Teaching and learning with innovative technologies and practices at primary school level.
The introduction of computer science to primary schooling age is relatively new, as traditionally it was primarily set aside for secondary and tertiary level learning (Heintz et al., 2016). Experts agree that even young children can understand fundamental concepts of computational thinking (CT), and that it is important to develop skills related to CT from a young age (Boccini et. al, 2016, p.48).
Increasingly computer science is becoming a compulsory area of curriculum for many countries across the world, as reported by Bocconi et al. and there has been a recent increase in the integration of CT and computer science in mandatory education, as evidenced by the recent changes in educational curricula (p9., 2016). In New Zealand, the Technology curriculum was recently refreshed with the main revisions being the addition of CT and designing and developing digital outcomes as technological areas (Ministry of Education, 2017a). The intention of digital technologies curriculum content is to “significantly contribute to students developing the knowledge and skill they need as digital citizens and as users of digital technologies across the curriculum” (Ministry of Education, 2017b, p.3).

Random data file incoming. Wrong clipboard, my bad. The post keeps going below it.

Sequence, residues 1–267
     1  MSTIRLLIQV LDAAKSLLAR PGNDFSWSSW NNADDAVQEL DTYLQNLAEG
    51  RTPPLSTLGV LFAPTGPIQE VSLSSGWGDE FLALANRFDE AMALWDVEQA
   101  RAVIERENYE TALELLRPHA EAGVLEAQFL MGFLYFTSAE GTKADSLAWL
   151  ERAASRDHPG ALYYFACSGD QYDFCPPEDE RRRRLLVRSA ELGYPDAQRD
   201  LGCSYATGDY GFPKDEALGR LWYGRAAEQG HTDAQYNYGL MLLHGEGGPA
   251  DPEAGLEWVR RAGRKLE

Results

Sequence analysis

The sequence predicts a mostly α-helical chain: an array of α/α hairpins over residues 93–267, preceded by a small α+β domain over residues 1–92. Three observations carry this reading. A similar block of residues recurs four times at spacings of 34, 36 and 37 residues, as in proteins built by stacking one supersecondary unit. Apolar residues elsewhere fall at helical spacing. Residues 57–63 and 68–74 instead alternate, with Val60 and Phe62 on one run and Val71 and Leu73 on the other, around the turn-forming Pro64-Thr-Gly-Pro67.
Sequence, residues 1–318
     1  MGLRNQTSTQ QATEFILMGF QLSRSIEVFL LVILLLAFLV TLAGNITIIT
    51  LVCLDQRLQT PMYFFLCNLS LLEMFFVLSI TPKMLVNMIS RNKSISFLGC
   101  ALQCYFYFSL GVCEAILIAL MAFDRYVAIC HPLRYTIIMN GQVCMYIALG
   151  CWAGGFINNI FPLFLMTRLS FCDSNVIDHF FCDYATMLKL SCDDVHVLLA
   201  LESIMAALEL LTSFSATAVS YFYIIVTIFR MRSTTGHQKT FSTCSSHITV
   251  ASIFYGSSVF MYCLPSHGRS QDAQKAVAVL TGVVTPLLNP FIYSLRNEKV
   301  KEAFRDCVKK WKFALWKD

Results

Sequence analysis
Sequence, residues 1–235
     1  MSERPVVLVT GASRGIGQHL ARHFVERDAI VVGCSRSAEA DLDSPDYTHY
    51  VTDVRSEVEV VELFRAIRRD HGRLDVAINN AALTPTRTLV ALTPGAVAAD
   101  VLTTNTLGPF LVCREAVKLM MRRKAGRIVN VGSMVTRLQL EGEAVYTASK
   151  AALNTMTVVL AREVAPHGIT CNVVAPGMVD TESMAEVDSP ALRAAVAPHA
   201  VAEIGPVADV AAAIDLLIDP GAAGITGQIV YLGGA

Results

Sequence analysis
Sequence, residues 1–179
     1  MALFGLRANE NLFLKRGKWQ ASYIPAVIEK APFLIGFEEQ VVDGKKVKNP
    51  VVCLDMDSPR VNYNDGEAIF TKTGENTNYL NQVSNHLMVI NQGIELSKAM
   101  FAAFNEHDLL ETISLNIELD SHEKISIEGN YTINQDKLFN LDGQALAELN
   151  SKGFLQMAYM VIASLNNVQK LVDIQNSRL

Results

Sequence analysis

There is also an expectation that all teachers are responsible for building capacity in digital fluency and literacy. It is the teacher's responsibility to effectively use these tools, and to in turn educate students on how to take advantage of these tools for their learning (Wright, 2010, p.46). The main rationale for introducing CT in many countries is to promote the development of 21st century skills necessary for full engagement in the digital realm (Bocconi et al., 2016, p.8).
ByteEd, a New Zealand based educational resource company, have recently developed a new approach to the teaching of computer science at a primary school level that incorporates 21st century skill development. The Play Code Learn series of STEM (Science, Technology, Engineering and Mathematics) kits utilise an unplugged-to-digital methodology and explore future-focused technologies of Augmented Reality (AR) and programming.
Based on the research of Bell and Vahrenhold (2018), who state unplugged activities for students engage them with lasting ideas in computer science. Integrating physical digital tasks along with unplugged tasks proves to be more beneficial for learning. The kits enable students to learn and understand digital concepts before transitioning to putting skills and knowledge into action in a digital environment.
This presentation delves into the impact of the first Play Code Learn kit, Dinosaur Steps, on teaching and learning in two New Zealand classrooms. The use of an unplugged approach has proven to be advantageous to learners and highlights a significant shift in knowledge retention and the understanding of concepts, skills and literacy after using the Dinosaur Steps kit and related teaching resources during Term 4 2022.
Copyright (c) 2023 Sarah Washbrooke
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